Tesla unveiled new Model S and Model X variants and opened the configurator following last night’s earnings call. The redesigned interior frames a new “yoke” steering wheel which evokes racing dreams, only they are not. There are also revised powertrains.
Staying on the inside, the central touchscreen is now horizontal like in the Tesla Model 3 and Y, and passengers find a screen in the second row. Very reduced controls match the steering wheel. Tesla describes the layout as “The ultimate focus on driving: no stalks, no shifting.”
Tesla is not the first carmaker to do without steering column levers. For example, Ferrari has also covered all functions in some of its sports cars with buttons on the steering wheel. Tesla’s motivation is not from racing though but from automation. Tesla has moved the selector lever from the steering wheel to a more distant position because the driver is no longer supposed to select the drive level himself – instead, the car takes over. Coupled with the sensors’ information, artificial intelligence is supposed to decide whether the driver is more likely to drive forward or backwards. Tesla gives an example: if the vehicle detects the garage door directly in front, it will automatically engage reverse gear when the driver steps on the brake.
With Autopilot, the AI will take over more and more of the driver’s tasks, probably including blinking. It would be unnecessary to install extra hardware switches on the steering wheel for this – as Ferrari did – because the backlit touch surfaces blend into the design much more inconspicuously. One difference to Ferrari: While the Italians have placed the turn signal buttons to be operated with the right or left thumb, Tesla has placed the turn signals for both directions near the left thumb.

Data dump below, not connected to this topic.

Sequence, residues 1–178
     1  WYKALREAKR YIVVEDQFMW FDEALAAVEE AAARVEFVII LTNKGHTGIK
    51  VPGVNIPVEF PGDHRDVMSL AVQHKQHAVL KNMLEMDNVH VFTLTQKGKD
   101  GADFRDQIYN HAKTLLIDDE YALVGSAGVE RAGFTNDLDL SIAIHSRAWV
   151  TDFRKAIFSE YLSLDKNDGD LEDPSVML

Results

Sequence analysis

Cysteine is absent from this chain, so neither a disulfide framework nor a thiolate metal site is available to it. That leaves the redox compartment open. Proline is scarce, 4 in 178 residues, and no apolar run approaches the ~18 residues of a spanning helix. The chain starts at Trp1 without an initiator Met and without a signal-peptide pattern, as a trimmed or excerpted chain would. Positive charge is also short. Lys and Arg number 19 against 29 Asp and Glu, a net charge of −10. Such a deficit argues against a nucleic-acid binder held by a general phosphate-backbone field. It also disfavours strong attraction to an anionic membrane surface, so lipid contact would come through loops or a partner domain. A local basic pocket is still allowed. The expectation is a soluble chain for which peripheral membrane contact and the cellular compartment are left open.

While the interior update is the most significant at first glance, Tesla has also updated the Model S and Model X under the hood and changed its configurations. Both electric cars now not only have the Plaid drive announced in September, although it replaces the Performance version. Tesla also offers configurations that feature the drive technology from the Model 3 and Y. During the earnings call last night, CEO Elon Musk said Model S and Model X would stay with the old 18650 cell format but that it had been improved. Both models now have a heat pump as well.
Model S now starts at $80,000 before incentives in the US or 86,990 euros on the continent. Model X costs 95,990 euros.
The premium trim Plaid + offers a range of over 520 miles, the equivalent of 837 kilometres. The top speed is said to be 200 mph or 322 km/h, and the Model S Plaid is said to offer the fastest acceleration to 60 mph and the quarter-mile.
The Model S Long Range is still available and now gets 412 miles of range, which reduces to 390 miles in the higher performance ‘Plaid’ version. These versions have three electric motors instead of two, delivering a total peak output of 761 kW.
There is no Plaid+ version for the Model X. Even though Elon Musk states that the Model S will continue to use revised 18650 cells, we expect that the top model Plaid+ will be the first Tesla to have the new 4680 cells – the difference in range to the Plaid model without “+” is too big.
Tesla confirmed that the new Model S would start being produced “in Q1” without giving an exact timeline for deliveries.
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